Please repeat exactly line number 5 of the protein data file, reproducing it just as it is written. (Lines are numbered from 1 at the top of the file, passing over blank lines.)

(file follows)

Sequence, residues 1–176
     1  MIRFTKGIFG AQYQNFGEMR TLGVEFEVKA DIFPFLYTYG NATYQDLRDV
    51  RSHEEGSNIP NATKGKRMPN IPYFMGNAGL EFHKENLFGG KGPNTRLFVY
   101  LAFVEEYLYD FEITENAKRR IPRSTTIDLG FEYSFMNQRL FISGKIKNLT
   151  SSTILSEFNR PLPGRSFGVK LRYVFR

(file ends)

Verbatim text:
   151  SSTILSEFNR PLPGRSFGVK LRYVFR